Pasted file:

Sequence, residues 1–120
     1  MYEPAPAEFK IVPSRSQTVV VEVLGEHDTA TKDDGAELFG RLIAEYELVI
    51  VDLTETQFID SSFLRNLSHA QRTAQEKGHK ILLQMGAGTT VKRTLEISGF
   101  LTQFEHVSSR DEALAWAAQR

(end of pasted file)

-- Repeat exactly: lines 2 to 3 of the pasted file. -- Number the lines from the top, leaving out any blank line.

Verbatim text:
     1  MYEPAPAEFK IVPSRSQTVV VEVLGEHDTA TKDDGAELFG RLIAEYELVI
    51  VDLTETQFID SSFLRNLSHA QRTAQEKGHK ILLQMGAGTT VKRTLEISGF